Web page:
When this latest wacky thriller from Bury (Interface, not reviewed)--a pseudonym for Neal Stephenson (The Diamond Age, 1995,...



When this latest wacky thriller from Bury (Interface, not reviewed)--a pseudonym for Neal Stephenson (The Diamond Age, 1995, etc.) and J. Frederick George--puts a bunch of overweight, incorruptible Iowa huskers up against Saddam Hussein just before Desert Storm, you know the bad guy with the moustache is going to take a fall. Washington, D.C., couldn't be farther from Folks County, Iowa, where the murder of an Arab agriculture student sends the slow-talking Deputy Sheriff Clyde Banks poking into the drab closets of a high-tech bioscience laboratory that just might be cooking up Saddam's next biological warfare weapon. Meanwhile, Betsy Vandeventer, a meek, lowlevel CIA analyst, formerly of Folks County, makes the mistake of informing her superiors that not enough of the billions in Food for Peace foreign aid going into Iraq is being spent on soybeans. Targeted for bureaucratic extinction, Vandeventer forms an uneasy partnership with Richard Spector, a slickly confident CIA executive of uncertain loyalties. The authors play satirically with the humble cloth from which history stitches its tapestry, as the fate of the free world stumbles on, propelled by the random, inconsequential, frequently stupid, and often hilarious foibles of mere mortals. Slimy ""inside of the inside of the inside"" power-players join unctuous hit men and hopeless drunks to create mayhem for the plain Heartland types like Vandeventer, Banks and his bride, Desiree ""Deltoids"" Dhont, an Army Reserve nurse who sticks Banks with their five-month old daughter so she can win one for Poppy Bush when Desert Shield becomes Desert Storm. The plain folks take a few tumbles, Banks changes more than his share of diapers, and the world remains safe for democracy--until; at least, the authors bless us with a sequel. A charming, uproariously clever thriller, in the tradition of Ross Thomas and Richard Condon, with plenty of wry wit and deftly rendered characters.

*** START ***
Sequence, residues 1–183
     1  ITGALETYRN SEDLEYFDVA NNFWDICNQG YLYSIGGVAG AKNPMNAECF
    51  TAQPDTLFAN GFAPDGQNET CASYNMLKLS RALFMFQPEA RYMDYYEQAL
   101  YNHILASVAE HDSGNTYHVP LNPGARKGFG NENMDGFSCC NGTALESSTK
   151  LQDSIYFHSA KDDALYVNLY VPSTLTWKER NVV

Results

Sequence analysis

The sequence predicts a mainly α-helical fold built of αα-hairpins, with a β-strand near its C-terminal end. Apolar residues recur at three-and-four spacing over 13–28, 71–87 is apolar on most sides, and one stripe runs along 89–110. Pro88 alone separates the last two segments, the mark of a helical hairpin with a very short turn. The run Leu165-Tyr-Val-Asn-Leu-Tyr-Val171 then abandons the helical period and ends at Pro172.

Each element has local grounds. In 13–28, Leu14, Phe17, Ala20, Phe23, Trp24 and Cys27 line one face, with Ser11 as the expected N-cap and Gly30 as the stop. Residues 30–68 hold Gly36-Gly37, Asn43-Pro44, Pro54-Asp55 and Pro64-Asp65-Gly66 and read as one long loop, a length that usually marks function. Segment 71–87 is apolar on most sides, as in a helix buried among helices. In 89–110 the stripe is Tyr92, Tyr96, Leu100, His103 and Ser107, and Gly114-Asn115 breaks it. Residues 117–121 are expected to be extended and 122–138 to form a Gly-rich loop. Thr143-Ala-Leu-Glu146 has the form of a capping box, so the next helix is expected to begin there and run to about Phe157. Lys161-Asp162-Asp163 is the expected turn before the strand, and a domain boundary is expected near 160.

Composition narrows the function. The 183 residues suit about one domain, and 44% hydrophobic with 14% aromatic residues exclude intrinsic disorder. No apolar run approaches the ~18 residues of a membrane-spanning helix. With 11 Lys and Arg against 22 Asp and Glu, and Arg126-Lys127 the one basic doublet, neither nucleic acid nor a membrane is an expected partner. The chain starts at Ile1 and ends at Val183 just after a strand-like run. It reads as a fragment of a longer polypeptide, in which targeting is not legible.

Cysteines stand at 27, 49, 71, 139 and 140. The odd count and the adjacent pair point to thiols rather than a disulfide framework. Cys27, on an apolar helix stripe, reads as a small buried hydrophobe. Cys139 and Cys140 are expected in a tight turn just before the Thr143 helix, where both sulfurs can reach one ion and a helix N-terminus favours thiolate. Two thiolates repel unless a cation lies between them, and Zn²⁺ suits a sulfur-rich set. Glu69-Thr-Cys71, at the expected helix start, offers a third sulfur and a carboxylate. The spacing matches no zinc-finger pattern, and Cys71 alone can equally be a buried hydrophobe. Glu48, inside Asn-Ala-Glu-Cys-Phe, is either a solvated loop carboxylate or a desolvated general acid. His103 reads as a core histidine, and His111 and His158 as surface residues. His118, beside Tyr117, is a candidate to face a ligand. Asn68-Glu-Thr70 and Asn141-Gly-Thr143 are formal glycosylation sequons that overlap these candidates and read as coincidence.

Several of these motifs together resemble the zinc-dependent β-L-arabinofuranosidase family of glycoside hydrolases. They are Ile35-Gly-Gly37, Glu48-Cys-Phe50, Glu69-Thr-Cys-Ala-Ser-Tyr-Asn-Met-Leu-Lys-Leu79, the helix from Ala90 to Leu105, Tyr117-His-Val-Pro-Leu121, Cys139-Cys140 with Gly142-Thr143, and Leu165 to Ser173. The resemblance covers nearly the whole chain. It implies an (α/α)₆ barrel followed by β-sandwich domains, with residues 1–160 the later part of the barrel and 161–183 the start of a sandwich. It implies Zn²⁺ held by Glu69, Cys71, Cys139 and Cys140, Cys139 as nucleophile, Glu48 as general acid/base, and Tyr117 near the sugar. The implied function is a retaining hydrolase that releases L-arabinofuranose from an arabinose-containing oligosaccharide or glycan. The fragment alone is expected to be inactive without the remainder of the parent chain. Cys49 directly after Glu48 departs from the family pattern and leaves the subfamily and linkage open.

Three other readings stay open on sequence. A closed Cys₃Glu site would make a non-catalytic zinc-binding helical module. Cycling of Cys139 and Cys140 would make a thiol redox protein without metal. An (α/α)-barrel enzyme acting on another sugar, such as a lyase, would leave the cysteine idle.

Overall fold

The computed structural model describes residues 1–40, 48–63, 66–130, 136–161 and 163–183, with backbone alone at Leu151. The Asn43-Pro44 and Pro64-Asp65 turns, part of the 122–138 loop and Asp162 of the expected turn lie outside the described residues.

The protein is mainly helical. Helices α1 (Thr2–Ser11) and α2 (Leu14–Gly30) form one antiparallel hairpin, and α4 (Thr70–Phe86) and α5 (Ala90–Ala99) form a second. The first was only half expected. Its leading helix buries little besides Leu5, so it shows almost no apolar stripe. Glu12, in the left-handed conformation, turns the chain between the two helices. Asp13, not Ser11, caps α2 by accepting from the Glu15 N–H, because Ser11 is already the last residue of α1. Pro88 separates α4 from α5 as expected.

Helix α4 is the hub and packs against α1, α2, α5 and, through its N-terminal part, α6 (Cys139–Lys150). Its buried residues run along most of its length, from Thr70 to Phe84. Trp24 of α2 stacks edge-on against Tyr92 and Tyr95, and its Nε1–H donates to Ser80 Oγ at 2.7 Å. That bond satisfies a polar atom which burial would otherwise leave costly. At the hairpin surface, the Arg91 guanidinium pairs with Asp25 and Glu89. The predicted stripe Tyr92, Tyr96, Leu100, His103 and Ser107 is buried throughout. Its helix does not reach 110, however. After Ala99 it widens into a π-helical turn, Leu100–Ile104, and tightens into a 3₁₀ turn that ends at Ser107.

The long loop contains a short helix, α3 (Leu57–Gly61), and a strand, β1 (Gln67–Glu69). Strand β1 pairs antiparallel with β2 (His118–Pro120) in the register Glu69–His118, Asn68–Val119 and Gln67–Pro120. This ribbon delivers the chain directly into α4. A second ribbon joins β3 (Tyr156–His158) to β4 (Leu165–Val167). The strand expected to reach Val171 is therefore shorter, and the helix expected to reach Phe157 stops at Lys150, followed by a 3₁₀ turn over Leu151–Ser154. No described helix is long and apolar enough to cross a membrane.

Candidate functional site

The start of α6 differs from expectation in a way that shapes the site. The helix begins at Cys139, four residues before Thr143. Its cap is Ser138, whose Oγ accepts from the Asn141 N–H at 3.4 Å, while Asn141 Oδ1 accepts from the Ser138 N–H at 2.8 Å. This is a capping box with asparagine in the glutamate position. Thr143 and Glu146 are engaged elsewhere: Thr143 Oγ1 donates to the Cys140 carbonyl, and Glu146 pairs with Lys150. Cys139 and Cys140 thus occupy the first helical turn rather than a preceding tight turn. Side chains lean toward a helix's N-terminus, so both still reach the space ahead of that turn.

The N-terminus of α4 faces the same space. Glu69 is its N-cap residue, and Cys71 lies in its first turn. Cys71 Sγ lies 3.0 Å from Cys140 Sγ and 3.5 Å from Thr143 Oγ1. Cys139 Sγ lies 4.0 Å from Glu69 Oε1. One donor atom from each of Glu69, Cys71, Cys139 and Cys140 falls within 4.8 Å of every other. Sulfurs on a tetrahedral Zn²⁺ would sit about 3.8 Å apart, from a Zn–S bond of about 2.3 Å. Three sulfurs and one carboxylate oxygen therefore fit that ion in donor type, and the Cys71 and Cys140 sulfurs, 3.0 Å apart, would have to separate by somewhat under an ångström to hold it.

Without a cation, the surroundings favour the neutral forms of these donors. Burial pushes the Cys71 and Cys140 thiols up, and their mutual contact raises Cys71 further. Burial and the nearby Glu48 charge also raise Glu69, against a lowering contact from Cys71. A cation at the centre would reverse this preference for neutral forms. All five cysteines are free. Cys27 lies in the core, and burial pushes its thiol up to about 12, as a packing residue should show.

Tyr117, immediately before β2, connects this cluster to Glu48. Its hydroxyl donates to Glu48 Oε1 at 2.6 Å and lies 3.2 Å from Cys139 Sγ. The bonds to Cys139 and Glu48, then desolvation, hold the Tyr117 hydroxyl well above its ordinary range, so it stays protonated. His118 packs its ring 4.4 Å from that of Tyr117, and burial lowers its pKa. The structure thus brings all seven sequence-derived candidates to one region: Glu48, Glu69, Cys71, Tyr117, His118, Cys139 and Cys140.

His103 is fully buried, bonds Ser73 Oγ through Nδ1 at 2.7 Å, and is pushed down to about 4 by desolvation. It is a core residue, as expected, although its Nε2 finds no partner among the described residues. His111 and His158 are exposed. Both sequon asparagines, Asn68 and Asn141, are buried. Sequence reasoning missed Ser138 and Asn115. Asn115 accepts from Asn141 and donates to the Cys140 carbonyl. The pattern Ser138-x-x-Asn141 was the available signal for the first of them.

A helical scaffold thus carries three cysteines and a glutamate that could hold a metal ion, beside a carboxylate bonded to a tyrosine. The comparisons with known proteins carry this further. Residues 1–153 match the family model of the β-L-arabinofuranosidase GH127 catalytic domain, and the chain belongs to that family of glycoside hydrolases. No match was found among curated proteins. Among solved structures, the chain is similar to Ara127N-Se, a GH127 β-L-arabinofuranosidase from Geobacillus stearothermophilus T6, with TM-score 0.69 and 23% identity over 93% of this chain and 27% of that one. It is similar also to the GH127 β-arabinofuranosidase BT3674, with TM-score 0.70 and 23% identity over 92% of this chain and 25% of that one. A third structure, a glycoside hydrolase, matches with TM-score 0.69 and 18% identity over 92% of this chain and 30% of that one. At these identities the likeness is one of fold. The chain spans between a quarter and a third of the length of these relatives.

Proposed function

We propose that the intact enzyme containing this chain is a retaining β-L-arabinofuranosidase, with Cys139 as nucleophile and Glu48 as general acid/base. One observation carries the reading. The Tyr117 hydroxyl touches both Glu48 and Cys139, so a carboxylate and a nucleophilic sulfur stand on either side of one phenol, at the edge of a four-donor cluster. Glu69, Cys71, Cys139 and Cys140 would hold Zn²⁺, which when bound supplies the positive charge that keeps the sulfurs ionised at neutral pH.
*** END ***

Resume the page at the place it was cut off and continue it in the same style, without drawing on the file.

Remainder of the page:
Pub Date: Sept. 1, 1996


Page Count: 400

Publisher: Bantam

Review Posted Online: N/A

Kirkus Reviews Issue: Aug. 15, 1996